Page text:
Dixon Evening Telegraph from Dixon, Illinois on August 16, 1971 · Page 8
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Dixon Evening Telegraph from Dixon, Illinois · Page 8

Dixon, Illinois
Issue Date:
Monday, August 16, 1971
Page 8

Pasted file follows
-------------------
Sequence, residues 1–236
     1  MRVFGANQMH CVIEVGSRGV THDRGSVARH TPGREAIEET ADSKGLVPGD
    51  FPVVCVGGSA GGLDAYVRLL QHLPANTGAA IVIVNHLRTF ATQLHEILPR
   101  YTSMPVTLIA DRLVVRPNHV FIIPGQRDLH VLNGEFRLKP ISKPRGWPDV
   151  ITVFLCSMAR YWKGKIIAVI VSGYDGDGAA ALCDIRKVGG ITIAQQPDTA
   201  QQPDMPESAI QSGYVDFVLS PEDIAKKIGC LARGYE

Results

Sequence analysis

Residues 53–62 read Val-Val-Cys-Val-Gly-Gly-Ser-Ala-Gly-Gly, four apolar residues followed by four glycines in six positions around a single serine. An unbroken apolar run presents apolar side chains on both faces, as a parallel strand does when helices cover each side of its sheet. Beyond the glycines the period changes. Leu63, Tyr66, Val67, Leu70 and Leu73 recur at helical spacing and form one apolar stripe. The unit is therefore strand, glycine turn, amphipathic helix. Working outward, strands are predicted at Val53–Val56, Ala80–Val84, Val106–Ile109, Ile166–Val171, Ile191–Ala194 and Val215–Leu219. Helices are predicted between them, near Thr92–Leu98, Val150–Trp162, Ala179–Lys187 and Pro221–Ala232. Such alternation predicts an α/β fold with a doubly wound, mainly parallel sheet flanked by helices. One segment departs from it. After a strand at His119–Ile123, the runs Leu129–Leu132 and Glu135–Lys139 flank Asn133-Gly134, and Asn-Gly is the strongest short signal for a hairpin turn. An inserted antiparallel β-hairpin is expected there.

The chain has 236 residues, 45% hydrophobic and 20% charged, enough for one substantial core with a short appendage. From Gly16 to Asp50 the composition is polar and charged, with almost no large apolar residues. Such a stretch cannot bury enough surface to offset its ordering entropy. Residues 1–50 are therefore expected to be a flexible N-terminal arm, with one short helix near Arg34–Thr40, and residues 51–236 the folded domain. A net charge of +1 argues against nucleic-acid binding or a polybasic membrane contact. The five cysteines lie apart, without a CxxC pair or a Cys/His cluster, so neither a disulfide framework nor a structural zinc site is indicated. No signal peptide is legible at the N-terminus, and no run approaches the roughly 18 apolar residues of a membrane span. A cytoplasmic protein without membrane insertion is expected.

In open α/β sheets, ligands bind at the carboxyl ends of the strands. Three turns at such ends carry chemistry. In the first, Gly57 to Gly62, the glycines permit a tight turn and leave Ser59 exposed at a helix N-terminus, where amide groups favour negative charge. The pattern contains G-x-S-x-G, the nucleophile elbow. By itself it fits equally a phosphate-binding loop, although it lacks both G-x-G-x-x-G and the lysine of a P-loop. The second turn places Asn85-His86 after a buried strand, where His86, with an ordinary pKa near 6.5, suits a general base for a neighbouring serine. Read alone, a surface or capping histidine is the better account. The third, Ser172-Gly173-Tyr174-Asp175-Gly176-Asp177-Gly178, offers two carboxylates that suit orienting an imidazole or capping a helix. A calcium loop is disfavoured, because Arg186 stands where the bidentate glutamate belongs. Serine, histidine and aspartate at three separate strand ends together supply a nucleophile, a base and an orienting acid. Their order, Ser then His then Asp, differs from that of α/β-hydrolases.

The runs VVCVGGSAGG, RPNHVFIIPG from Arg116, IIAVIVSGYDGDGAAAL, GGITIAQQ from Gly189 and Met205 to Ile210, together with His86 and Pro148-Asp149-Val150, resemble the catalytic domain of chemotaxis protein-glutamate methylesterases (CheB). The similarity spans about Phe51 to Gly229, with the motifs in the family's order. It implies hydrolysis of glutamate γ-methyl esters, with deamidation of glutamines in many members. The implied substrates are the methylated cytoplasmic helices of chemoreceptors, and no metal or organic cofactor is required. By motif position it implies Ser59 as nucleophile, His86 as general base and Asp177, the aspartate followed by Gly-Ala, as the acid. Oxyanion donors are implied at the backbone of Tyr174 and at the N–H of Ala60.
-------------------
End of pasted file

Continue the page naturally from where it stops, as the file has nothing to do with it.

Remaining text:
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Markets Stocks NEW YORK market midday Alld Chem 14 AUd Strs 33% Allis Chal 15 Alcoa 54% Am Can 35Vi Am Cyan 34% AmElPwr 29% Am TOT 45% Anaconda 19 Arlans 7 Atl Rich 7234, Avco 14 % Bea Fds 42% Bendix 17% Boeing 17% Borden 27 v4 Cessna 24% Cities Svc 44 Coca Cola 105 ColumGas 35% Comw Ed 37 Cons Ed 25% Cont Can 39% Cont Oil 36% Deere 46% Eastman 81% Falstaff 6% Firestone 55% Gen Dyna 24% Gen Fds 37% Gen Tel 33% Gen Tire 26% Goodrich 32 Goodyear 24% Greyhnd 24% Gulf Oil 30% 111 Cent 35% 111 Pwr 357s Int Harv 28% Int Nick 33% Iowa P&L 23% Johns-Mn 39% Kennecott 33 (UPI) I Stock prices: Kroger 35 Lib-McN 8% Litton 27% Lockheed 10% Mar Oil 39% Maytag 37% McD Dgls 29% Merck 103% MinnMin 122% Mobil Oil 52% Monsanto 46% Nat Bisc 51 NoAmnR 28% 01 in Corp 20% Outbd M 43% Owens-111 55 Penney 68% Penn Cen 5% PepsiCola 59% Pfizer 39% Phil Pet 33% Procter G 71 Revlon 67 Safeway 37 St. Regis 36% SanFelnd 28% Shell Oil 44% Simmons 30% So Pac 43 Std Bds 44% SO Ind 66% SO NJ 74% Stvns JP 28% Stude 59% Swift 44% Texaco 35y4 Tex Inst 112 Un Carb 46% Un Elee 19% Utd Corp 8% US Gyps 68% West Un 40% Wstghs El 90 Other Stocks Other stocks quoted by H. W. Beeler and O. M. Nysather of Loewi and Co., Sterling, as of 1 p.m.: AnCou 12’/s £WS‘1 7®‘f BorgWar 287/« Frantz 124 CenTellsaT Tamp 296-299 Ozark 6 OccPet 16% BoiseCa 25% HPratt 33%-34% ClarkOil 19% Delnd 11-11% CenTel 19% NIGas 29% GenCbl 20% J&LStl 16 Marcor 36% Ramad 35 CartBl 2-2% Peoria Livestock p E oria , m. (AP(USDA)—Hogs 4,500; trading very active, butchers fully steady; early clearance; 1-2 200-240 lb butchers 20.00-20.25; 85 head at 20.50; 1-3 200-270 lbs 19.50-20.00; 1-3 190-200 lbs 19.0020.00; few 2-3 270-291 lbs 18.5019.50; sows steady; 1-3 300-400 lbs 16.50-17.00, few 17.25; 1-3 400-600 lbs 16.00-16.50. Interior Hog Market SPRINGFIELD, 111. (AP(USDA) — Interior Illinois hog prices (state-federal): Receipts 19,000; demand fair, butchers uneven, mostly steadv; few 1-2 210-240 lbs 19.50-19.75; 1-3 200240 lbs 19.00-19.50 ; 2-3 240-260 lbs 18.50-19.25; sows steady; 1-3 300-400 lbs 15.25-16.00, some 16.25; 2-3 400-500 lbs 14.50-15.50; 2-3 500-600 lbs 13.75-14.75. Chicago Produce CHICAGO (AP) - (USDAButter: wholesale selling prices unchanged ; 93 score AA 67.784; 92 A 67.784 ; 90 B unquoted. Eggs; issued only on Wednesday and Friday. Grain Range Wheat Sep 146% 142% 143% 144% Dec 149% 145% 146% 147% Mar 152 148% 149 150% May 151% 148 148% 149% Corn Sep 127% 123% 124 125% Dec 127 121% 122 124% Mar 132 126% 126% 129% May 135% 129% 129% 132% Soybeans Aug 332% 323 328% 326% Sep 329% 3223/4 326 % 323% Nov 324% 3173/4 32o% 316% Jan 327 321 % 324 3193/4 Mar 333 326 328% 323% Rochelle Market HOG MARKET— Top 19.50 180-200 lbs 18.25-19.00 200-220 lbs 19.00-19.25 220-240 lbs 18.50-19.00 240-270 lbs 17.75-18.50 SOW MARKET 350 &dn 15.50-16.00 375-500 bs 14.50-15.50 CATTLE MARKET Ch Steers 1000-1250 33.50-34.00 Gd Steers 1000-1200 32.00-32.50 Ch Heifers 900-1050 31.50-32.00 Gd Heifers 900-1050 30.00-31.00 Utility 19.00-21.00 Canners & Cutters 21.00-22.50 Legal secretaries to meet Tuesday The Lee-Whiteside Chapter of the Illinois Association of Legal Secretaries will hold their August dinner meeting at 7 p.m. on Tuesday at Steak House West in Sterling. Fina Gas Station reports theft A 12 volt alternator and a gas filter were reported stolen from the Fina Gas Station, 420 W. Third St., police said. The theft occurred sometime Friday and was reported to police at 9:25 a.m. Sunday. Chicago Mercantile Exchange Future trading on the Chicago Mercantile Exchange today. Quotations furnished by Dixon Country Commodities Corp. (home of Heinhold Commodities. Inc.). Prev. High Low Close Close Live Beef Cattle Aug 34.30 33.70 33.92 34.17 Oct 33.50 32.50 32.67 32.87 Dec 32.95 32.15 32.32 32.12 Feb 32.25 31.67 31.79 31.52 Live Hogs Aug 20.50 20.20 20.20 20.22 Oct 19.50 18.90 19.15 18.82 Dec 19.75 19.22 19.50 19.17 Feb 20.95 20.30 20.60 20.22 Pork Bellies Aug 22.50 22.05 22.27 21.95 Feb 28.45 27.70 27.97 27.77 Mar. 28.40 27.67 27.90 27.75 May 29.02 28.37 28.57 28.50 Soybean Meal Aug' 84.00 82.75 83.25 82.45 Sep 84.70 82.75 83.15 82.50 Soybean Oil Aug' 14.90 14.30 14.35 14.25 Sep 14.30 13.70 13.97 13.73 Oct 14.00 13.35 13.55 13.22 Social Security representative to be in Amboy Mrs. Louise Taylor, Social Security representative, will be at the ASCS Office in Amboy from 10 a.m. until 12 noon on Aug. 24. W. K. Durham, district manager. said this service is offered to answer questions from the public, assist in filing applications and to help beneficiaries with their Social Security problems. This service is especially to help those people who find it difficult to travel to the office in Sterling. I & 8 : Nixon move buys time, politically him Qualified approval WASHINGTON (AP) - President Nixon’s economic blockbuster buys political time and will enable him to run in 1972 on a record of having moved firmly to the defense of the nation’s economy. If the President’s eight-point plan works, the results should certainly be known before the November 1972 balloting. The economy issue could be defused entirely. “If it doesn’t work—well, the old policy wasn’t working, either, and the new plan at least tries out some of the steps Nixon critics have been advocating. Further, the actions announced Sunday start a new time cycle during which the administration can say, “Let’s see what happens” without it sounding as repetitive as the optimistic forecasts the White House has turned out for months. Democrats have made no secret of their attempts to force the economic issue to the forefront for 1972. Even so loyal a Nixon troop as Senate Republi­ can Leader Hugh Scott said Saturday that if Nixon is to win re-election, “He’ll have to win the fight against inflation.” Demands for wage-price controls have grown, first from Democrats, then from Federal Reserve Chairman Arthur Burns and most recently from some Senate Republicans. Against this background, Congress scheduled hearings for October on the question of a wage-price board and Nixon agreed the administration would participate. Now, by freezing wages, prices and rents for 90 days, he has pre-empted those hearings, which likely would have produced new cries that the administration was not doing enough to stop inflation. Even the early reaction to Nixon’s economic speech showed a new divergence in the Nixon opposition. Sen. William Proxmire, D- Wis., chairman of the Joint Economic Committee and frequent critic of Nixon economic policies, said he supports the program, although he said elements are overdue and may not go far enough. But Sen. George McGovern, D-S.D., the only announced seeker of the Democratic presidential nomination, called the program “economic madness” and said Nixon “has no faith in our workers, in our business and in the free enterprise system.” As with his China initiatives, Nixon has embarked on a course of action which, if it works, should be worth plenty of votes. However, even total success won’t make every voter happy. Persons who travel abroad, for example, aren’t likely to applaud having to pay more for accomodations and services overseas. Federal workers who don’t get pay raises—or even lose their jobs—won’t be happy, either. But buyers of new domestic •cars, if they save $200 as the President wants, and veterans who trace new jobs to new tax incentives, should like what they’re getting. I By THE ASSOCIATED PRESS President Nixon’s proposals for improving the economy have won qualified approval from a number of business and labor leaders, but some said the plans do not go far enough. The heads of two of the Big Three automakers praised the President’s move but an executive of a textile manufacturers group saicl the proposals “just won’t get the job done.” No comment was immediately available from the National Association of Manufacturers. An AFL-CIO spokesman said the labor organization probably would comment on the moves later today. AFL-CIO President George Meany has previously endorsed wage and price controls is applied equitably across the board. “I am pleased with the President’s approach to these problems which have a bearing on all business,” said James M Roche, chairman of General Motors Corp. “He has taken the initiative in identifying some of these problems and coming to grips with them.” He said the President’s proposal for repeal of the 7 per cent automobile excise tax was a “good step in the right direction and will help make our cars more competitive with the foreign imports.” Roche said removing the excise tax will trim about $190 off the price of GM’s new car— with the savings going into the pocket of the consumer. Ogilvie hopes state pay hikes won t be canceled out CHICAGO (AP) — Gov. Richard B. Ogilvie said today he hopes President Nixon’s wage- price freeze will not rule out scheduled pay increase Sept. 1 for Illinois state employes. Ogilvie told a news conference he is otherwise “pleased with what he (Nixon) is trying to do and optimistic that it will be helpful to this state.” The President announced Sunday that he is freezing all prices, wages and rents for at least 90 days, that the United About Town KSB Hospital Aug. 14 Admitted: George Steder, Miss Nancy Eaton. Dixon; Donald Spangler, Curtis Martin, Charles Johnson, Oregon; Mrs. Ruth Coffman, Polo; Master Mark Bonnell, Amboy; Mrs. Mary Crawford, Mrs. Lillian Fruit, Franklin Grove; Luis Martinez, Sterling. Discharged: Mrs. Mary Mall, Lawrence Miller, Miss Michelle Topping, Miss Debra Topping. Mrs. Janet Boyer, Mrs. Gail Austin, Mrs. Mary Moss, Miss Michelle McCoy, Dixon; William Hansen. Kevin Worsley, Mrs. Geraldine Troha, Mrs. Marian Blumeyer, Oregon; Mrs. Sandra Richards, West Brooklyn; Mrs. Bessie Rhodes, Polo. Aug. 15 Admitted: Joseph Sharkey,’ Joseph Faoro, Mrs. Agnes Weyant, Guy Merriman, Mrs. Gloria Johnson, Mrs. Lucille Stafford, Earl Watts, Miss Amy Thayer, Miss Lila Smith, Mrs. Helen Huggins, Dixon; Harold Goy, Sublette; Mrs. Geraldine Gatz, Mrs. Esther Nichols, Polo; Mrs. Barbara Meyer, Sterling; Mrs. Ivy Delhotal, Amboy; Mrs. Naomi Neader, Oregon. Discharged: Master Kenneth Tabor, Mrs. Olive Slcipworth, William Kelly, Roger Coleman, Robert Payne, Dixon; Mrs. Barbara Popejoy, Sterling; Mrs. Ethel Luhrs, Oregon; Richard Heng, Chana; Mrs. Connie Mann, Master Mark Bonnell, Amboy; Fred Bettendorf, Franklin Grove. Licenses To Wed Marriage licenses were issued by the office of John Stouffer, county clerk, to the following couples: Norman K. Tippey of Macomb and Linda L. Sigafus of 1414 W. Third St. Kenneth R. Burnell of 123 Shady Lane Drive and Terry L. Frost of Sterling. James A. Tyler and Joanne M. Tyler, both of Decatur. Wayne E. Starr Jr. of 407 Jackson Ave. and Sally L. Powell of Rt. 2. Richard S. Cutler of 1016 Ann Ave. and Vickie L. Lucas of Princeton. Weather DIXON TEMPERATURES High Saturday, 83; low Sunday, 57; high Sunday, 81; low today, 52,12:30 p.m.,77. Sunset today, 7:49; sunrise Tuesday, 5:58. Local Forecast This afternoon, mostly sunny and warmer. High 80 to 85. Tonight fair. Low 56 to 61. Tuesday mostly sunny and warmer. High 83 to 89. Chance of rains: zero per cent this afternoon and tonight and 5 percent Tuesday. New Legion officers New officers of the Dixon American Legion post are shown at their installation Saturday night. Left to right, seated, are Jim Grygiel, outgoing commander, and Dave Reisinger, new commander. Standing are Hy Walder, adjutant; John Collins, chaplain; Ed Harris, junior vice commander; Ed Bally, junior vice commander; Walt Kyger, post service officer, and Lynn Knights, senior vice commander. Absent were Marian Rees, treasurer, and Mike Windsor, junior vice commander. (Telegraph Photo) Deaths and Funerals William Eckleberry ROCHELLE- William D. Eckleberry, 43,300 Fourth Ave., died early this morning in Rochelle Community Hospital, following a long illness. He was born June 12, 1928, in Fairfield, the son of John and Lutie Harrison Eckleberry. He was married to Patricia Cutts, June 5, 1954, in Rochelle. Eckleberry was a 20-year em­ ploye of the Burlington-Northern Railroad and was a lifelong member of the Loyal Order of the Moose, Rochelle. He was preceded in death by his father and one brother. Survivors include his widow; three daughters, Joyce Ann, Cindy Louise, and Susan Renee, all at home; his mother, of Fairfield; four sisters, Mrs. Vera Simpson and Mrs. Lois Cannul, both of Fairfild; Mrs. Charles (Sally) Allan, Louisville, Ky. and Mrs. Loren (Beulah) Sinclair, English. Ind.; five brothers, Jake, Leonard and John, all of Indianapolis, Ind.; Tom and Gene, Fairfield. Funeral services will be held at 2:30 p.m. Wednesday at the Unger Funeral Home with the Rev. Comodore Chasteen, pastor of the Methodist Church, officiating. Burial will be in Lawnridge Cemetery. Visitation will be held from 7 to 9 p.m. Tuesday at the funeral home. A memorial has been established. Mrs. June Etnyre OREGON— Mrs. June S. Etnyre, 87, High wood, died early this morning in Pinecrest Manor, Mt. Morris, following an extended illness. Funeral arrangements are being completed by the Farrell Funeral Home. Railway reports taxes The Chicago and Northwestern Railway Company reports that its 1970 taxes amounted to $59,613.98 in Lee County, and in Ogle, $40,206; Bureau, $30,588.24, and Whiteside, $64.944.80. Earl W. Bruckart ROCHELLE - Earl W. Bruckart, 69, 628 S. Third St., died Saturday evening at Rochelle Community Hospital, following a short illness. He was born Nov. 24, 1901, in Highspire, Pa., the son of Dahlgren W. and Mary Bell Bruckart. He was married to Virgie Cluts, June 5, 1930, in Rochelle. He was employed at the Morgan Dyeing and Bleaching Co. He was a member of the Methodist Church, Rochelle Masonic Horicon Lodge A.F. and A.M.,Salome Chapter of the OES, Freeport Consistory, the Rochelle Loyal Order of the Moose and was past governor of the Rochelle Moose Lodge. Survivors include his widow, one daughter, Mrs. Barbara Bowman, Rockford; one grandson and one sister, Mrs. Mildred Carson, DeKalb. Funeral services will be held at 2 p.m. Tuesday, in the Cluts Funeral Home, with the Rev. Comodore Chasteen, pastor of the Methodist Church, and the Rev. K. B. Winkles, of the Church of God, officiating. Burial will be in Lawnridge Cemetery. Visitation will be held from 7 to 9 p.m. today in the funeral home. There will be a masonic service at 8:30 p.m. Mrs. Reba Norvell Mrs. Reba Norvell, 65, formerly of Dixon, died Sunday in Pomona, Calif., following a long illness. She was born Aug. 24, 1905, in Cave in Rock and was the daughter of George and Nancy Jackson Boyd. Survivors include a son, Dayton, San Diego, Calif.; five brothers, Ewell and Hershell Boyd, both of Dixon; Lowell and Clarence Boyd, both of Rockford, and Victor Boyd of DeKalb; a sister, Miss Elva Boyd, Dixon; two grandchildren. She was preceded in death by her husband, mother and a sister. Arrangements are being completed at the Preston Funeral Home. Elmer Hayes KINGS — Elmer H. Hayes, 73, Rt. 1, died early this morning, in Rochelle Community Hospital, following a long illness. He was born Dec. 16, 1897, in White Rock Township, Ogle County, the son of Charles and Mable Talbot Hayes. He was married to Bernice Drummond, Dec. 31, 1919. Hayes farmed in the Kings area his entire life. He was a member and had served as chairman of the Ogle Service Company many years. He was a member of the Kings Presbyterian Church and presently was serving as an elder. He was a past member of the Kings Consolidated School Board and the White Rock Cemetery Board. Survivors include his widow, two daughters, Mrs. Richard (Marilyn) Remmers, Kings and Mrs. Robert (Meredith) Kesten, Racine, Wis.; three grandchildren, one brother, Charles, Kings and one sister, Mrs. J. E. King, Albia, Iowa. Funeral services will be held at 2 p.m. Wednesday, in the Cluts Funeral Home, Rochelle, with the Rev. Shirley Wooden, pastor of the Kings Presbyterian Church, officiating. Burial will be in White Rock Cemetery. Visitation will be held from 7 to 9 p.m. Tuesday in the funeral home. Charges dismissed A March 3 charge of disorderly conduct against Jim D. Ganther, 24, of Sterling was dismissed today on a motion by State’s Attorney Albert N. Kennedy. Ganther was charged on the complaint of Pat Sheely. He appeared before Judge James M. Allen. HAPPY BIRTHDAY To Sean Chupp, today. States will abandon gold purchases at $35 an ounce, that imports will be subject to a temporary surcharge of generally 10 per cent. Nixon said he also is recommending to Congress that the 7 per cent excise tax on automobiles be repealed, that personal income tax exemptions be increased Jan. 1—a year earlier than scheduled—that industry be given an accelerated investment-tax credit, that federal spending be cut $4.7 billion crow Dixon police shot a large crow Sunday after it was reported the bird had attacked children in the 300 block of Prospect Avenue, police said. The bird was reportedly “diving” at the children. The incident happened at 4:25p.m. Charles (Bill) Scriven Charles (Bill) Scriven, 79, 321 E. Seventh St., died in KSB Hospital Sunday evening, following a long illness. He was born in Dixon, July 23, 1892, the son of Anthony and Mary Jane Keenan Scriven. He was married June 23, 1915, to Anna Thomas, in Dixon. She died May 8, 1951. He was married to Hazel Fane, Sept. 22, 1967. She died June 8, 1970. Scriven was a retired motorman for the Chicago Service Line. He was a member of the Loyal Order of the Moose and St. Patrick’s Church. He was preceded in death by one sister. Survivors include three sons, John, Dixon; Charles and Francis, both of Chicago; one daughter, Mrs. Charles (Mary Jane) McMurray, Merced, Calif.; one brother, Lloyd, Dixon; 11 grandchildren and three great grandchildren. Funeral services will be held at 9 a.m. Wednesday in the Jones Funeral Home and 9:30 a.m. in St. Patrick’s Church, with the Rev. William Boland, pastor, officiating. Burial will be in Oakwood Cemetery. Visitation will be held after 7 p.m. today. The rosary will be recited at 8 p.m. Tuesday. Indicted OREGON— Leiana Shoaf III, 21, Grand Detour, and Donald L. Reed, 22, Rt. 2, Oregon, were indicted today, by an Ogle County Grand Jury, for possession of marijuana. They will be arraigned, possibly, next week. The two were arrested Aug. 4, by the Ogle County Sheriff’s Police, at Reed’s home. The arrest came about after the Sheriff’s Department executed a search warrant July 30 on property owned by Paragon Foundries, located about six miles south of Oregon in the Castle Rock area. Marijuana worth about $4,000 street value was taken from a barn located on the property. Each is free on a $500 cash bond. Also indicted today was Daniel Stenli, 25, Rochelle, arrested for taking indecent liberties with a child July 20. He has been Oregon man ticketed OREGON— Robert Gene Boyden, 29, Rt. 1, Oregon, was ticketed by the Ogle County Sheriff’s Department, following a one-car accident at 9:30 a.m. Saturday. Boyden lost control of his car on a curve at Angus and Pines Roads and went into a ditch. He was not injured. There was considerable damage to the vehicle. Boyden is free after paying a $10 fine and $5 in costs. Tires taken Thieves stole two truck tires from the Don Mullery Ford parking lot, police said. The tires were spares taken from two trucks parked in the lot. The theft was reported at 12:18 a.m. today, police said. End of the road CHIPPENHAM, England (UPI)—William Slade surrendered to police voluntarily Friday the license he has used to drive for 70 years without conviction for accident or traffic offense. Slade said he had driven enough for a man aged 91. Aggrieved model SHEFFIELD, England (UPI) —Four models who pose nude at the Sheffield College of Art want a sick-pay plan now that they have joined a union. They say sitting in drafty art rooms makes them prone to colds, rheumatism, lumbago and circulatory troubles. this fiscal year and federal employment be reduced 5 per cent. Ogilvie said he does not know if the same freeze will apply to the 3 per cent boost all state employes are scheduled to receive next month. “I don’t know, but I hope not,” he told reporters. He said guidelines, which he said probably will supply the answer, are being sent to him from Washington. Residents to view comedy Dixon State School men and women will view a musical version of George Bernard Shaw’s comedy, “Androcles and the Lion,” on Sept. 5, by State 212, a college summer stock group from Spring Valley. The cast and crew of approximately 15 will bring their own portable set, ligfiTs, costumes, and guitars to DSS’s Murray Hall, at 2 p.m. Kate Cahill, executive board member of Stage 212, said the story of the comedy goes back to a Roman legend about a grateful lion meeting a slave in the arena who had once extracted a thorn from the lion’s foot. Miss Cahill came to DSS last year with a group of students from La Salle-Peru and was struck by the residents’ pleasure in having visitors. “My dream, and that of all involved in this production, is to share our knowledge and love of theatre with those who have little chance to be entertained,” she said. Articulate birds SOUTHPORT, England (UPI) —Police are touring Southport’s pet shops to strike up conversations with mynah birds. They are trying to find Popeye, Joe, Mich, Tony, Fred and Charlie—mynahs stolen from a Southport park last week. Six of them can reveal their identities by saying a few words. “Charlie Walls, for instance, was given to us by a man from Wigan, and he still has a strong Wigan accent. Popeye shouts for grandad, calls Bingo and asks if anyone is at the door. “Joe admits that he’s a bad boy and Fred does the music hall policeman’s ’ello, ’ello, ’ello.” Square landowners HEMEL HEMPSTEAD, England (UPI)— The local nudist club had the idea of raising money for charity by having four sky-divers jump from 10,000 feet, wearing boots, parachutes—and nothing else. Trouble is, the club said Thursday, they can’t find any landowners who will let them drop onto their property. Nothing new in Danhaus case No new progress in the investigation into the murder of 18-year-old Deborah Danhaus of Amboy is reported today by Lee County Sheriff John Quest. Sheriff Quest said he and Illinois State Police Detective Larry Dowdy turned up nothing new Thursday after they questioned an ex-boyfriend of Miss Danhaus. The law enforcement officials flew to Kentucky to question the former boyfriend in the hope he might reveal information about the girl’s background which could help in the investigation. Friday, Dr. Cesare Manetti, a Rockford pathologist, said he had completed all tests on the body and indicated Lee County officials had the report. This morning, Lee County Coroner Robert Preston denied knowledge of a report that would determine exact time of death. Dr. Manetti performed an autopsy on Miss Danhaus’s body August 8 and said then that further tests would be required to determine exact time of death. Miss Danhaus was reported missing for five days before her body was found at the edge of Morgan Road, two miles west of Amboy. Sheriff Quest indicated he too has not seen a final autopsy report. A coroner’s inquest August 9 determined that strangulation was the cause of death. Miss Danhaus was the daughter of Mr. and Mrs. George Danhaus of 218 S. Mason Ave., Amboy.